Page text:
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Accepted Paper:

The meritocratic ideal in times of crisis: disproportionate consequences and public support for social protection  
Annalena Oppel (London School of Economics and Political Science)

Paper short abstract:

I discuss a political balancing act across targeted versus universal social protection by opposing meritocracy with ideas of empowerment in the South African Covid-19 context. Using recent media outlets and policy initiatives, I highlight structural patterns in considerations of 'who deserves what’.

Paper long abstract:

Piketty begins his book Capital and Ideology with “every human society must justify its inequalities: unless reasons for them are found, the whole political and social edifice stands in danger of its collapse” (2019, 1). Understanding such justifications matters especially now – in times, when owing to the Covid-19 pandemic, old and new inequalities are immediately felt, experienced, and (re-)evaluated. Yet, little is known about how these (unequal) experiences strengthen or weaken public support for social protection, especially regarding universal versus targeted approaches.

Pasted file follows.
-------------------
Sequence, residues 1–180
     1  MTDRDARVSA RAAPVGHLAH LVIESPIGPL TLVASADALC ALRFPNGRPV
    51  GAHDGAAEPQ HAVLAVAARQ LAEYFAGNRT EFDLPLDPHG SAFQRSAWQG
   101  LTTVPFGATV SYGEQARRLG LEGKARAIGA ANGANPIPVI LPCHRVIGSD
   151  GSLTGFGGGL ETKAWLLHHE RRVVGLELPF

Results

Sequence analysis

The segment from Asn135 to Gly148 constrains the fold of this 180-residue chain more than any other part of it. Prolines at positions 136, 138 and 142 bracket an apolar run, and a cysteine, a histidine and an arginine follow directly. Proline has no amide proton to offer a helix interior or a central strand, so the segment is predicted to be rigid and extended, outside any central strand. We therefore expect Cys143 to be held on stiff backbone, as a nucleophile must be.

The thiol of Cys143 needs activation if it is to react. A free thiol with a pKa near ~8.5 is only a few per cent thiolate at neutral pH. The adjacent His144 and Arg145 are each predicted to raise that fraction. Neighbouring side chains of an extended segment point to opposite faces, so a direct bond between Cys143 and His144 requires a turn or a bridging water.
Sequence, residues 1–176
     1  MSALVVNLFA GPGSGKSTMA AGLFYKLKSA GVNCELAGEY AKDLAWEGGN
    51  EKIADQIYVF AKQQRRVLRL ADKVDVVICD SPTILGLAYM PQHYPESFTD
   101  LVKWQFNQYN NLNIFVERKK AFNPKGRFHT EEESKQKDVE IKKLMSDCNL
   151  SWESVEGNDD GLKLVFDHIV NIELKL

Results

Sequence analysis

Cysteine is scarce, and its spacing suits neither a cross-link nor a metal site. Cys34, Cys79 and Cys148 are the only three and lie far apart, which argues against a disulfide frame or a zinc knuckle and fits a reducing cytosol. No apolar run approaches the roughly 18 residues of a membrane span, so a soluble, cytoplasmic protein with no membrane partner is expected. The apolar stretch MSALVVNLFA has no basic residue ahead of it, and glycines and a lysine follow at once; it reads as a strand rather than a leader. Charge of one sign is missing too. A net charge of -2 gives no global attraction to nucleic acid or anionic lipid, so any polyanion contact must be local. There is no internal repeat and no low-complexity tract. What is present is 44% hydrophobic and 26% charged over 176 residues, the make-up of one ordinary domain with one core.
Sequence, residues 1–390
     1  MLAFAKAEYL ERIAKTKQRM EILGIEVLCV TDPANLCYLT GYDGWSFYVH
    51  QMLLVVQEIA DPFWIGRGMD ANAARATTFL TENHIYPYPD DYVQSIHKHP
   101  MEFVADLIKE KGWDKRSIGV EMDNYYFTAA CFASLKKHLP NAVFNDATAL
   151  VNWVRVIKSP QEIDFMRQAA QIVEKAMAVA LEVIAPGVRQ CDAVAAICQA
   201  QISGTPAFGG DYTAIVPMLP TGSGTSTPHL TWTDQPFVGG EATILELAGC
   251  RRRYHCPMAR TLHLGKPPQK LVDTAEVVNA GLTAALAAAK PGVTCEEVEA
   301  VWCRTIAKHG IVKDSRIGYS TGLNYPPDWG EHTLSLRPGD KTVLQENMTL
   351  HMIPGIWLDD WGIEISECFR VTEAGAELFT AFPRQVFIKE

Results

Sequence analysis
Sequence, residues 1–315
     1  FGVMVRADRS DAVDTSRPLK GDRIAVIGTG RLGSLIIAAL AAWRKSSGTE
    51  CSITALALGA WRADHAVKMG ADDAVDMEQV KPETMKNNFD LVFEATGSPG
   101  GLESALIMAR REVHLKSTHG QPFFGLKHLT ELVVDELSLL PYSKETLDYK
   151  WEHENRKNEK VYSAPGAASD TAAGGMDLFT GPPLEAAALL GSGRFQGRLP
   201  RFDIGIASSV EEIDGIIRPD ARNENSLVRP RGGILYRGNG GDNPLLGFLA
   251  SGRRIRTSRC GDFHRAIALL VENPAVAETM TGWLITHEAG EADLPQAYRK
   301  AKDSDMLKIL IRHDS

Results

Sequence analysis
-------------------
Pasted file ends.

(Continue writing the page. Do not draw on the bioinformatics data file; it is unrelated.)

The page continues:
In this paper, I discuss the case of South Africa where there is in a (re-)opened debate on pandemic-related relief measures, reflecting an ideological divide over a key principle of ‘who deserves what’. Amidst South Africa’s post-apartheid context and continued racial inequalities, meritocratic ideals, where rewards should track effort and ability, compete with the idea of empowerment, giving priority to the marginalized. For instance, I show while relief measures include discussions of a basic income grant for the unemployed (eNCA 2020), there is also support for formerly implemented race-preferential policies, such as the Black Economic Empowerment (BEE) framework (Arnoldi 2020). Using media outlets and policy documents, I revisit the political balancing act across targeted versus universal approaches to discuss the two-fold challenge of facing the consequences of the Covid-19 pandemic amidst prevailing structural inequalities.

Panel P27b
The politics of expanding and sustaining social protection: continuities and ruptures in unsettled times II
  Session 1 Thursday 1 July, 2021, -